Over the past decade, generative grammarians have viewed language acquisition as a process of fixing option points or parameters defined in Universal Grammar. Here David Lightfoot addresses the crucial question of what it takes to set a parameter - of what kind of experience is needed to trigger the emergence of a natural kind of grammar. Lightfoot asserts that parameter setting is not sensitive to embedded material, and that it is triggered only by robust elements that are structurally simple. He observes that morphological properties play a significant role in setting parameters which have widespread syntactic effects. Using evidence from data on diachronic changes and from current work in syntactic theory, Lightfoot makes precise claims about the triggering experience that can explain a number of historical puzzles. He argues that the changes could have taken place in the way they did only if language acquisition proceeds on the basis of simple, unembedded experiences.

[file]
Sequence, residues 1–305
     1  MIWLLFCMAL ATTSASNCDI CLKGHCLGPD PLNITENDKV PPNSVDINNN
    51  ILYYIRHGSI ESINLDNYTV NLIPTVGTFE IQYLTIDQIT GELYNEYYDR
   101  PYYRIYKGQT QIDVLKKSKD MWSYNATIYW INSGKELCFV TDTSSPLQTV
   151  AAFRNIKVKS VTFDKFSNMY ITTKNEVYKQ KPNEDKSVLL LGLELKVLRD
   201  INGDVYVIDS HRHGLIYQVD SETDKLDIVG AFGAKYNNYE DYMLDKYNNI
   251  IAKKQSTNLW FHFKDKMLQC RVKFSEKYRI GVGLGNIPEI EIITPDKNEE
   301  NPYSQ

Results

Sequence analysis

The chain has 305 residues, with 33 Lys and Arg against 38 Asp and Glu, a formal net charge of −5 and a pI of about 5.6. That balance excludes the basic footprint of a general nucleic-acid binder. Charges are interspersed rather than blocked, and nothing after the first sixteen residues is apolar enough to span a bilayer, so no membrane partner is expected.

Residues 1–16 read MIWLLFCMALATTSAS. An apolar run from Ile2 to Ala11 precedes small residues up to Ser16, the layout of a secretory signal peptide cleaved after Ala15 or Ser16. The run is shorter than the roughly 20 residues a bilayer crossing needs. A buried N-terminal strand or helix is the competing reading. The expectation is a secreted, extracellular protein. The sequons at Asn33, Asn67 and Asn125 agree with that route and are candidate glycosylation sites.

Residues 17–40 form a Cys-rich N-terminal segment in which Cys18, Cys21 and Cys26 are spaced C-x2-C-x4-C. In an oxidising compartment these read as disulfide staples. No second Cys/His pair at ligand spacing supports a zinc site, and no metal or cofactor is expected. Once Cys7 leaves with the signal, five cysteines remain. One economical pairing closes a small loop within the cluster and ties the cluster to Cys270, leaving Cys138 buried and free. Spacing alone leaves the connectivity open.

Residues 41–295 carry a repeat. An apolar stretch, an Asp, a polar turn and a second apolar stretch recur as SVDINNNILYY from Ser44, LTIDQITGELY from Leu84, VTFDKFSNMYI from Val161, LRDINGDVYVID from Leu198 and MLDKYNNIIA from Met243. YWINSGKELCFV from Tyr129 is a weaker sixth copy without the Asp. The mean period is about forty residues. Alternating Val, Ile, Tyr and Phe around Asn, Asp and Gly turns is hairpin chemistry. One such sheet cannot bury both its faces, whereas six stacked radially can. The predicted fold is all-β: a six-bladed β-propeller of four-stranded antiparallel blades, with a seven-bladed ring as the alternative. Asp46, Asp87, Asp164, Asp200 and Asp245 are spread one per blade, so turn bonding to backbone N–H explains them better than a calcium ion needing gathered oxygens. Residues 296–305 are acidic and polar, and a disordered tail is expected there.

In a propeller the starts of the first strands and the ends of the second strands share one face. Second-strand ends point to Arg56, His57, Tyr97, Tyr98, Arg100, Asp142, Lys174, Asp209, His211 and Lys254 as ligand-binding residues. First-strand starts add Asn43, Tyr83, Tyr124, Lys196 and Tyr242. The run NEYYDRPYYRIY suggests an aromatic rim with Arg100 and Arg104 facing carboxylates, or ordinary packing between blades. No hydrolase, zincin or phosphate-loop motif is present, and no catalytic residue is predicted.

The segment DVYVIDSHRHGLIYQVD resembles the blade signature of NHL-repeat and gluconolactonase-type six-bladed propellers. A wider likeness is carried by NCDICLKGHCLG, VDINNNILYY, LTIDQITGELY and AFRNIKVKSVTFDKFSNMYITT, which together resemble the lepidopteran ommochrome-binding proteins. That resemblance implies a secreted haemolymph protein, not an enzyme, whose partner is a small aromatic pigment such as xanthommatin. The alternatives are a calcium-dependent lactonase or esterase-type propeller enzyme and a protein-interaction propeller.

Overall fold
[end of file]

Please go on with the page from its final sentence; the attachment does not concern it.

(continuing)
About the Author
David Lightfoot is Professor and Chairman of the Linguistics Department at the University of Maryland.